We have found that users of VFIVE tend to prefer VFIVE visualization methods than VTK-original methods. This would be because the visualized objects produced by VTK are basically “still” one, in contrast that VFIVE’s other methods generate dynamically changing objects such as flying Particle Tracers or hand-following Local Arrows. From this reason, the VTK-enabled version of VFIVE has branched off from the major VFIVE development trunk now.

Vi Region of Interest and Level of Detail

When we use a CAVE for the visualization of large-scale data, there are two different kinds of purposes. One is to grasp the whole structure of the three-dimensional field of the input data to be analyzed, and another is to understand the detailed structure as accurate as possible at a small but important spatial region, or a hot spot. In order to make these complemented purposes be compatible, we have implemented the function of interactive region of interest (ROI) linked with level of detail (LOD) in VFIVE. Details of this implementation are described inOhno2010 .

Vii Other Methods and Functions

In this subsection, we briefly introduce other functions and methods that are not mentioned so far.

Since our goal is to visualize large-scale simulation data produced by supercomputers, the data size is always our challenge. To handle large-scale data within acceptable time, we have parallelized VFIVE by OpenMP to accelerate calculations.

In Local Slicer, the user holds and moves a small rectangle plane in the CAVE room. The plane color shows the distribution of a scalar field, which is selected by the menu, on the slice. As in the Local Arrows, the Local Slicer follows the wand motion. There are two modes of the Local Slicer; in the first mode, the normal vector of the plane is always perpendicular to wand direction, and in the second mode it is always perpendicular to a specified vector field. Near a “hot spot” of the field where the vector and scalar fields change sharply, one can observe a dynamic motion of the plane as he/she slowly moves the wand around there.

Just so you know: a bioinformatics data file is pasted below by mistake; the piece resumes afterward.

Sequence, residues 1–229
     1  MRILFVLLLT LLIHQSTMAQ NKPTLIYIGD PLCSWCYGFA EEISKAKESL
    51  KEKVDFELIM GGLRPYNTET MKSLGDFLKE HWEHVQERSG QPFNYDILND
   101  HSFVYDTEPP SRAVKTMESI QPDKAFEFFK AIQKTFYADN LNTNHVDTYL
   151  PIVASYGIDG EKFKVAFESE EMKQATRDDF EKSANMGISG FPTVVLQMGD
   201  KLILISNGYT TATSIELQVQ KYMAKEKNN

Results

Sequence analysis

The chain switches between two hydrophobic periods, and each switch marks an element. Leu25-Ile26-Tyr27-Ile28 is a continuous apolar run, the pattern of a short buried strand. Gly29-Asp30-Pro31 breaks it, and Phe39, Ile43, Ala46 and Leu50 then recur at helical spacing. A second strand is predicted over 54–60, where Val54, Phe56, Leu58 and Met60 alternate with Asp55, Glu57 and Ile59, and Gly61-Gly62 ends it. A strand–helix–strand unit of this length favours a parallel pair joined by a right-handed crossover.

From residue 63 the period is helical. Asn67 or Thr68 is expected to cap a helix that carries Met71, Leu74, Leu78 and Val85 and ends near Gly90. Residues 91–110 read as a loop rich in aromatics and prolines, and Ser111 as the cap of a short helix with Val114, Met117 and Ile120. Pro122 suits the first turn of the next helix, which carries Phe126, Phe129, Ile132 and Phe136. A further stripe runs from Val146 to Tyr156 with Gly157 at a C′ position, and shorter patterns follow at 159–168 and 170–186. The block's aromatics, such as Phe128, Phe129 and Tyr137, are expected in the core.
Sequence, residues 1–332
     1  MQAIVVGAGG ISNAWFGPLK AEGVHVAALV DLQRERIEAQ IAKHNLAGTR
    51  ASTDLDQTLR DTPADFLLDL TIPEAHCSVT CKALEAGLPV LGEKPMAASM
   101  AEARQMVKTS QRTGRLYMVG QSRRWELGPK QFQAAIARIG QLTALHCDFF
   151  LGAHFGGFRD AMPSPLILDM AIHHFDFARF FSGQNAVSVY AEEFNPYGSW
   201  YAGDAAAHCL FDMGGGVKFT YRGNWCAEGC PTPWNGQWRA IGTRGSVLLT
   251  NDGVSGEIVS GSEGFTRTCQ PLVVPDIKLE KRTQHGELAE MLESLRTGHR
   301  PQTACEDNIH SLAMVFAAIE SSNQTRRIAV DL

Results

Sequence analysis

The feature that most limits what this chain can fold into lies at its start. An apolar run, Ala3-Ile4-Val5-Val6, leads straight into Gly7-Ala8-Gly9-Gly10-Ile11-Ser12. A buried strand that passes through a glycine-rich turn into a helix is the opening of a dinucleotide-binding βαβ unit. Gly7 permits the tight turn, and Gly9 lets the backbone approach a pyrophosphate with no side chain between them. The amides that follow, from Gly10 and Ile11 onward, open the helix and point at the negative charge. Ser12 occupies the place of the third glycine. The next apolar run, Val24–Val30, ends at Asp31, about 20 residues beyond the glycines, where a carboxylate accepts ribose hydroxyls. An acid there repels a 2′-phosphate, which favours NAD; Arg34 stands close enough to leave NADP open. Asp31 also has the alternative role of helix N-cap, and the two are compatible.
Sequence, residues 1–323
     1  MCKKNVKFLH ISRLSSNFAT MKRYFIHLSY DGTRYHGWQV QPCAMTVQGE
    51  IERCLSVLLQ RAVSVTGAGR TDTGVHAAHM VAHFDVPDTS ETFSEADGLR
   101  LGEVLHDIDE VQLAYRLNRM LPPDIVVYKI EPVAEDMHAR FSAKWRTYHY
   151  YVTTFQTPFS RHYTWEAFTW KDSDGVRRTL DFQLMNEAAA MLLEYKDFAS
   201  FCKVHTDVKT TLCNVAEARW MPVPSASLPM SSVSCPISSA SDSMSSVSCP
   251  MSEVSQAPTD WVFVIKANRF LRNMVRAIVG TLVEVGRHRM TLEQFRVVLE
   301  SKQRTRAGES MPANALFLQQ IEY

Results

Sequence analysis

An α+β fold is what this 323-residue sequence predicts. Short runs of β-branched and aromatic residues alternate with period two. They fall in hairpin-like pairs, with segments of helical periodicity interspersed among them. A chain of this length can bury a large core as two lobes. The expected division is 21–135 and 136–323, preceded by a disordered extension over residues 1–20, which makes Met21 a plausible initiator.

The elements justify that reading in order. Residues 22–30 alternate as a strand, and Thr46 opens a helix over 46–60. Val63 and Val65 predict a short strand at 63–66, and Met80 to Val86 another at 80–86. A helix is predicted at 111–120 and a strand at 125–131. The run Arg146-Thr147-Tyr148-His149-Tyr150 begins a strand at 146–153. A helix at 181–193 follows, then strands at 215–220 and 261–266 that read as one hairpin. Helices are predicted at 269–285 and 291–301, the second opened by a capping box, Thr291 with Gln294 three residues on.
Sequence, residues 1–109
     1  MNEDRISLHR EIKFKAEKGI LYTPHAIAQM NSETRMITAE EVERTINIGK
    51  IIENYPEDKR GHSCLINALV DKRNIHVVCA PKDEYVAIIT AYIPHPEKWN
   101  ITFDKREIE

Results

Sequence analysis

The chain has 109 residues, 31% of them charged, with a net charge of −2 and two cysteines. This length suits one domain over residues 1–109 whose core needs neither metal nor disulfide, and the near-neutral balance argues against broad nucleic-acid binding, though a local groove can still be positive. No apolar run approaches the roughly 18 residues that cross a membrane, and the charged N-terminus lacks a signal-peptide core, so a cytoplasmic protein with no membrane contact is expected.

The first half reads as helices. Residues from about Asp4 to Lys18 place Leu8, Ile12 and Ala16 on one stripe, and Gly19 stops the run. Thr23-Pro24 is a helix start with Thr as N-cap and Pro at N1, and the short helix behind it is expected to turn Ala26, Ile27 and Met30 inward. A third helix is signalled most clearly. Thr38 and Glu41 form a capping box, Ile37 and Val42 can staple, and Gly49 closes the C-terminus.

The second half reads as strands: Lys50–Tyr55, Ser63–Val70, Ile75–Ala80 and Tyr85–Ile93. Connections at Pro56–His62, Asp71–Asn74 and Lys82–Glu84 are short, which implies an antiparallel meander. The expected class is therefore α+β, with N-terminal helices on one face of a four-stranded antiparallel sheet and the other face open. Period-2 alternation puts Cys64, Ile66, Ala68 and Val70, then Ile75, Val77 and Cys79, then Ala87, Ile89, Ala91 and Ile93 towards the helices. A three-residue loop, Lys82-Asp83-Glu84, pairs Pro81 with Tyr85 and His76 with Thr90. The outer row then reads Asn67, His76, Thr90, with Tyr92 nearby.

In the visualization method named Hotaru, which means firefly in Japanese, thousands of tracer particles are randomly scattered in the whole simulation data space. The 1st order Euler method is used for the numerical integration since statistical behavior rather than the accuracy of each motion is important in this visualization.

Figure 8: Line Integral Convolution (LIC) method applied to the geodynamo simulation. LIC is used to visualize the convection velocity.

The Line Integral Convolution (LIC) is a useful visualization method for vector fields. We have incorporated this method into VFIVE. The LIC method is applied to a specified vector field by the menu with the wand at a slice plane whose position is also controlled by the wand. The CAVE GUI for LIC method is the same as that for the Orthoslicer; the user can interactively select the slice plane of the LIC by moving the wand in horizontal or vertical directions. Fig. 8 shows an example of the LIC visualization applied to a CAVE visualization of the geodynamo simulation.

VFIVE has a minimum function to display three-dimensional objects, composed by triangles and line segments. This function is used to display, for example, the boundary planes of the simulation.

Snapshot is a function to save the frame buffer to the HDD. Images displayed on the front wall screen are saved to sequential files when the user selects this option. This is useful to store the image data visualized by VFIVE. Various visualization parameters such as isosurface threshold, seeding positions of Field Lines and Tracer Particles, slice positions of Orthoslicer are also saved for later usage by VFIVE or other visualization software on other platforms like PCs.

Figure 9: Text strings in VFIVE. Visualization parameters such as seeding positions of each tracer particle and the time step of the animation are shown.

VFIVE can display texts in the CAVE room by our hand-made stroke font. This function is used to display visualization parameters by text strings. In Fig. 9, seeding positions of streamlines are shown. The time steps in the animation mode and simulation data size are also displayed in the CAVE’s VR space.